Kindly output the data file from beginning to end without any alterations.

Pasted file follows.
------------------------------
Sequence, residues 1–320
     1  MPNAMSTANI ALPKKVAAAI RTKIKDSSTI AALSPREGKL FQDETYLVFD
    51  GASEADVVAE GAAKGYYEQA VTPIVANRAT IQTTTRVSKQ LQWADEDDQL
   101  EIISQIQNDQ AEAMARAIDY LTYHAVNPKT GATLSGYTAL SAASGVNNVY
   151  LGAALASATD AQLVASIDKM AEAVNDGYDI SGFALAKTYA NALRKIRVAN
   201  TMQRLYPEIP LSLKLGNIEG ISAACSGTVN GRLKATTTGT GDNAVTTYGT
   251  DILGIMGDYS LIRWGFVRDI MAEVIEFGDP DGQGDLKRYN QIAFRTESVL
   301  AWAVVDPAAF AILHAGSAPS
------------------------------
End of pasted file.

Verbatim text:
Sequence, residues 1–320
     1  MPNAMSTANI ALPKKVAAAI RTKIKDSSTI AALSPREGKL FQDETYLVFD
    51  GASEADVVAE GAAKGYYEQA VTPIVANRAT IQTTTRVSKQ LQWADEDDQL
   101  EIISQIQNDQ AEAMARAIDY LTYHAVNPKT GATLSGYTAL SAASGVNNVY
   151  LGAALASATD AQLVASIDKM AEAVNDGYDI SGFALAKTYA NALRKIRVAN
   201  TMQRLYPEIP LSLKLGNIEG ISAACSGTVN GRLKATTTGT GDNAVTTYGT
   251  DILGIMGDYS LIRWGFVRDI MAEVIEFGDP DGQGDLKRYN QIAFRTESVL
   301  AWAVVDPAAF AILHAGSAPS